Alan Durning of the Sightline Institute takes a stroll through Kitsilano:
Kitsilano is, like other streetcar-era neighborhoods across the Northwest, among the most sought-after places to live. Prices are high, and residents are protective of their neighborhoods’ quality of life and character.
Yet whatever it may look like, Kitsilano is anything but typical. In fact, Kitsilano — like the rest of Vancouver but unlike most other Cascadian cities — embodies something dramatically different and unusual: the enormous potential both for housing and for sustainability of allowing homeowners to blend small apartments and cottages into and among their houses. In brief, Kitsilano is riddled with what planners call “accessory dwelling units” or “ADUs.”
Alan, after interviewing former city planner Nathan Edelson, provides the best capsule history of secondary suites in Vancouver I’ve ever seen, right up to current conditions:
Let’s review: In the past quarter century, Vancouver, BC, first engaged in a decade of intramural shouting matches over the city’s proliferating basement apartments, then it shrugged and legalized them — almost all of them. Over the same period, it considered and opted against or dispensed with a slew of restrictions that other cities routinely impose: owner occupancy, off-street parking spaces, design mandates, tight restrictions on the number of roommates. Then, it approved an entire second accessory unit on each lot, these ones as laneway houses in the back garden. It even approved adding a second unit in each condo.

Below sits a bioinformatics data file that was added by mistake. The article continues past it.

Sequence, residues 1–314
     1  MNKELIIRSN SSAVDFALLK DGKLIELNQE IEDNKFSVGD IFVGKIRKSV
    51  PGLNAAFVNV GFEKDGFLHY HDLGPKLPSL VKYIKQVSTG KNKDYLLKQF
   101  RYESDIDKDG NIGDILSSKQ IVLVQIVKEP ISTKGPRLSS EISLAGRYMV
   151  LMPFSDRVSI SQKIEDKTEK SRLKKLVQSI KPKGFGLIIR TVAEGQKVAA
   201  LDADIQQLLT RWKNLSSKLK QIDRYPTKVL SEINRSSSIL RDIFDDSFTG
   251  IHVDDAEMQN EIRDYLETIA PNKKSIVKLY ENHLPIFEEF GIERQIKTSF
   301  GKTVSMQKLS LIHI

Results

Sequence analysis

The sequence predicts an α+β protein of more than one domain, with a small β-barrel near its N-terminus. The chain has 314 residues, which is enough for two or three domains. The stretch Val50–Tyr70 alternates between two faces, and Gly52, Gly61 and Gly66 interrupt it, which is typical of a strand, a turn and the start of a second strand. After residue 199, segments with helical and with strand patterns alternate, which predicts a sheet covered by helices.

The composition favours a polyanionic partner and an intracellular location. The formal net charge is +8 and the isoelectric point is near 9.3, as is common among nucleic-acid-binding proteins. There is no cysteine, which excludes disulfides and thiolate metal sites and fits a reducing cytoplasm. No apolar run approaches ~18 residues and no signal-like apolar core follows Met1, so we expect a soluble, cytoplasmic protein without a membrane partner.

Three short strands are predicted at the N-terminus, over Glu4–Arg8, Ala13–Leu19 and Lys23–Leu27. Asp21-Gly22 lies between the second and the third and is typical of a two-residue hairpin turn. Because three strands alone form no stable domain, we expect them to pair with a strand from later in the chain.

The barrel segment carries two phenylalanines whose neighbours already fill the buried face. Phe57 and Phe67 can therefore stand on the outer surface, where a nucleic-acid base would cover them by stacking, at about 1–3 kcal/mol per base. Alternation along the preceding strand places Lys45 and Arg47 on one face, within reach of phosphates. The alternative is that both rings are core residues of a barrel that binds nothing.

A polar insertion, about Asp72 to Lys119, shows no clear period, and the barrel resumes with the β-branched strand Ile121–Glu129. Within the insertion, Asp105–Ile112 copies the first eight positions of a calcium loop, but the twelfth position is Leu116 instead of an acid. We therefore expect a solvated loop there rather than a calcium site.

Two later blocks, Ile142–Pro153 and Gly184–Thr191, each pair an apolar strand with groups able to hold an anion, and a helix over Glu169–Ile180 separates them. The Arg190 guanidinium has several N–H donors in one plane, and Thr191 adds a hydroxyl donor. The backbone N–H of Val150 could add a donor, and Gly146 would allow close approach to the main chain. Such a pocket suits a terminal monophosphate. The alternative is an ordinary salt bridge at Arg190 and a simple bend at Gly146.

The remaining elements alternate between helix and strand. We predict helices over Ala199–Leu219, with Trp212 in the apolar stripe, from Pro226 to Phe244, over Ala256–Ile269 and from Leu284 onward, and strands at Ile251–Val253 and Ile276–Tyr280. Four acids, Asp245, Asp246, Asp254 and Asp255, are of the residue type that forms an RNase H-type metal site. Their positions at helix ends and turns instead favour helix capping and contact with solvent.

… the biggest opportunity that Cascadian cities have within their own legal power for advancing sustainability, local prosperity, and affordability is to repeal a raft of land-use regulations that criminalize the bottom end of the private-sector housing market.